The ex-Walkinshaw Racing, Spa 1000km wining 1987 Silk Cut Jaguar XJR-8 Endurance Racing Group C Coupé Chassis no. XJR8/3.87
One of the most charismatic of all modern classic 'sports-prototype' racing Coupes, the Tom Walkinshaw Racing series of rear-engined 'Big Cat' Jaguar XJR Coupes achieved tremendous success in Group C World Endurance Championship racing through the late-1980s/early-1990s. Not only did these sophisticated carbon-composite chassised projectiles add two further great victories in the prestigious Le Mans 24-Hours race to Jaguar's noble record at that venue, but they also brought to Britain three World Championship titles in 1987, 1988 and 1991.
This particular car, XJR-8 chassis '3.87', is offered for sale here direct from one long-term ownership in which it has been impeccably well preserved and recently revived to full running order, the work being undertaken by the experienced Swiss Group C technicians Marcus and Benjamin Hotz of HoragHotz Racing AG, Sulgen.
The present vendor explains that he competed against the Tom Walkinshaw Racing Jaguar XJRs at Le Mans in 1986, driving his Porsche 936C, and that "...at this time I took a fancy to the Jaguar. Later I was able to purchase one of the four cars...for me one of the most beautiful Group C designs". Subsequent to his purchase, two test drives were conducted with TWR works team drivers, both Andy Wallace and Tom Walkinshaw himself handling the car at Dijon and at Silverstone. Thereafter the car has been preserved for many years in controlled-atmosphere garaging, and as recently as July 2012 it was described by Benjamin Hotz as being "in good condition and is functioning without any problems whatsoever".
The TWR Jaguar XJR-8 design centred upon an extremely strong yet ultra-lightweight carbon-composite moulded chassis tub designed by the great Tony Southgate, one of the most capable and versatile racing car designers of the entire postwar period. He served as TWR's Chief Designer from 1985-89 inclusive, while the production-derived Jaguar V12 engines installed in these chassis were developed progressively by a team under Alan Scott. The power units were built from part-machined V12 blocks combined with in-house/sub-contract fabricated components supplied mainly by Cosworth Engineering.
The initial TWR Jaguar XJR-6 Coupe emerged for Group C racing in 1985-86, initially powered by a 6.2-litre V12 engine, later enlarged to 6.5 litres. For 1986 major commercial team sponsorship was provided by the Silk Cut cigarette brand and on May 5, 1986, the team achieved its first World Endurance Championship round win with victory in the Silverstone 1,000Kms with an XJR-6 co-driven by Derek Warwick and Eddie Cheever.
The further developed TWR Jaguar XJR-8 model as offered here was then produced for 1987 Group C competition. It used essentially the same basic monocoque structure as the preceding XJR-6 and in fact some of the old tubs were renumbered as the basis of new cars. However, the XJR-8 specification featured numerous detail changes and the V12 engine had been further enlarged to a full 7-litres capacity. Using a longer-stroke crankshaft with engine dimensions increased to 94mm stroke x 84mm stroke in place of the preceding 78mm stroke, the new season's V12 engines displaced 6995cc. This provided important additional torque which in turn permitted fewer gear-changes and therefore a useful improvement in fuel consumption. While the new engine provided only some 15/20bhp extra at the top end of its rev range, it provided as much as 45bhp improvement in mid-range. No fewer than 64 major and minor changes to the complete chassis/engine/aerodynamic package and a new Kevlar-carcase Dunlop Racing tyre were key to the TWR Jaguar's tremendous success. Regular team drivers for the year were Raoul Boesel, Eddie Cheever, John Nielsen, Martin Brundle, Jan Lammers and John Watson, joined on occasion by freelancers Win Percy and Johnny Dumfries.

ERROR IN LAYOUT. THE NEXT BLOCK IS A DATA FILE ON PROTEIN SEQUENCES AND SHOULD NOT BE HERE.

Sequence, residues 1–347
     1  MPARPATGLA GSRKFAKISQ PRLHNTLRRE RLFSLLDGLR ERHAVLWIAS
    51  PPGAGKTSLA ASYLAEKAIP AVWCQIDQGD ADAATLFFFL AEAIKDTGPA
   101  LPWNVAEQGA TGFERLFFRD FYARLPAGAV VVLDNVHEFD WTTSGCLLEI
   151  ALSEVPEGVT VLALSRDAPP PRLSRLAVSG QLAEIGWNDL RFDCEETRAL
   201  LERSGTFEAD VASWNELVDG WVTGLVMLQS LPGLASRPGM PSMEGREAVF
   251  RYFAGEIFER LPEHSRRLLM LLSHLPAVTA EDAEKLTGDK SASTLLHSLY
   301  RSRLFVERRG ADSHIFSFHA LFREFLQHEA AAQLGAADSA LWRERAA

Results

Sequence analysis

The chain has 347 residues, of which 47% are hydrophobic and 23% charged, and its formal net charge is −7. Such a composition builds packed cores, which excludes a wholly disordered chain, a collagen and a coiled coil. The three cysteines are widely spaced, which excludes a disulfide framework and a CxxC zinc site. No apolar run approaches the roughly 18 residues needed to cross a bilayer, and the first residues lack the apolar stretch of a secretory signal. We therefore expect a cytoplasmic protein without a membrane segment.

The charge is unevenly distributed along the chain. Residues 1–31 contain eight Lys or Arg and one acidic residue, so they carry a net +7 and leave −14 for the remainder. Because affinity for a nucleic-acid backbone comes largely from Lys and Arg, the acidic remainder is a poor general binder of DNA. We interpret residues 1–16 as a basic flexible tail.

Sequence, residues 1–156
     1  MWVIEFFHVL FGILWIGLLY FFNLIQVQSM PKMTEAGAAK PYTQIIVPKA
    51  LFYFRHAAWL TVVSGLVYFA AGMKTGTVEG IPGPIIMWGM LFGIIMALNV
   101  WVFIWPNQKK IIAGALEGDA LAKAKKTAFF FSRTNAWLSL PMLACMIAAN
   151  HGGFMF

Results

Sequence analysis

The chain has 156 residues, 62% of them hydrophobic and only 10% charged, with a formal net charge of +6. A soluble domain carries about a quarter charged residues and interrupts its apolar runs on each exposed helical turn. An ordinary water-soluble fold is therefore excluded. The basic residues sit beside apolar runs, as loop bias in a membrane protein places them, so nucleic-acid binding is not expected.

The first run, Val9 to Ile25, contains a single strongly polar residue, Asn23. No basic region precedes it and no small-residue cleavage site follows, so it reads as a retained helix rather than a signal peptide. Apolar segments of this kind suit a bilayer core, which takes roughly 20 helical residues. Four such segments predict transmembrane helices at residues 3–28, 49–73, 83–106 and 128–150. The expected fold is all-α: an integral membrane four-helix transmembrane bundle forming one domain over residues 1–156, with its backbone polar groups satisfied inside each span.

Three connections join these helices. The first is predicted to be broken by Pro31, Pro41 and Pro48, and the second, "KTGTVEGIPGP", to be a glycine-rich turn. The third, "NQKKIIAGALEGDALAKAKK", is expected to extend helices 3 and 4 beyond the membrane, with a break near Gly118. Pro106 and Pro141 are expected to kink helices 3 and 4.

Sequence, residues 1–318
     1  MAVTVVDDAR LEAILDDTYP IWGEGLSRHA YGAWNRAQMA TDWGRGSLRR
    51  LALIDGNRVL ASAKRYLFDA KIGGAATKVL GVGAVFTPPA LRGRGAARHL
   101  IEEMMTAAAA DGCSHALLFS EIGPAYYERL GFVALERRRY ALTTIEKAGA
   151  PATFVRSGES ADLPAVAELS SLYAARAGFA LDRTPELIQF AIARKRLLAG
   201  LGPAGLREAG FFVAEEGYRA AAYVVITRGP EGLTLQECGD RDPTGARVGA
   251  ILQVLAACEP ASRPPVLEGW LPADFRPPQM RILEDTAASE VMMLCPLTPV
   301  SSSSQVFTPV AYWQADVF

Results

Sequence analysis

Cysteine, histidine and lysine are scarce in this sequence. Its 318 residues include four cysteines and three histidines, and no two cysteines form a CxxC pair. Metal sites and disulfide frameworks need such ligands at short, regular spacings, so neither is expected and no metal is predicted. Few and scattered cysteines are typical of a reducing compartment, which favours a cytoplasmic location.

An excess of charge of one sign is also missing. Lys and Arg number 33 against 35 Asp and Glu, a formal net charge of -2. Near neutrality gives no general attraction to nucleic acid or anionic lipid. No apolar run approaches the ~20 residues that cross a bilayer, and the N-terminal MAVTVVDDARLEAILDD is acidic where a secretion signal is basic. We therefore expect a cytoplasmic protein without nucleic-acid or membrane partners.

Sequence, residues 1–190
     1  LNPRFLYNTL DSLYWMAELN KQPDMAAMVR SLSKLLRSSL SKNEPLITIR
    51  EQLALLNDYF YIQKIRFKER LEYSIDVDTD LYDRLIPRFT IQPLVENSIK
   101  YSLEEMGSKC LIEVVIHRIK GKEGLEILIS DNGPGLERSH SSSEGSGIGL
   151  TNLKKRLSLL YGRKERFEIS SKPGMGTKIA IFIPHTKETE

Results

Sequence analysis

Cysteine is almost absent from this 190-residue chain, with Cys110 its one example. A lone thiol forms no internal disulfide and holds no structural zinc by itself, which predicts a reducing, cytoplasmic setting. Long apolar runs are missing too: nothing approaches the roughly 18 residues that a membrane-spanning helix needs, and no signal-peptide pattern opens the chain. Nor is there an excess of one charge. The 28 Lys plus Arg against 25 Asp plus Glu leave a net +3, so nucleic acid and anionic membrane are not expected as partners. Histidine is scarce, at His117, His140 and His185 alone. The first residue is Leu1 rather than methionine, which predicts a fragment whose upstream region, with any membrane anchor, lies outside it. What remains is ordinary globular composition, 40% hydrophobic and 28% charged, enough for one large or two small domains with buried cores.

The new Silk Cut TWR Jaguar XJR-8s achieved first-time victory upon their debut in the Jarama 360Kms race in Spain on March 22, 1987, co-driven by John Watson/Jan Lammers. The season was completed with Tom Walkinshaw Racing's Silk Cut Jaguars winning no fewer than eight of their ten World Championship-qualifying races. Five victories brought Brazilian team member Raoul Boesel the World Drivers' Championship title while TWR Jaguar won the World Teams Championship.
Jaguar XJR-8 chassis '3.87' is recorded as having been the long-tailed Le Mans variant driven by Cheever/Boesel/Lammers to finish fifth in the 1987 24-Hour classic, and is also listed subsequently as having been the winning car in the Spa-Francorchamps 1,000Kms, co-driven by Brundle/Dumfries/Boesel. The car as offered here is understood to have been totally reconstructed by TWR at Kidlington prior to its purchase by the present vendor who is of course its first owner ex-works and this mouth-watering example of Jaguar's Group C finest from the mid-1980s is certain to attract tremendous interest from both contemplative collectors and Historic Group C racing interests.
In effect it has not turned a wheel in anger since 1991 and it is a lovely and unspoiled example of the World Championship modern-era breed of 'Big Cat'.
Should the vehicle remain in the UK, local import taxes of 5% will be applied to the purchase price.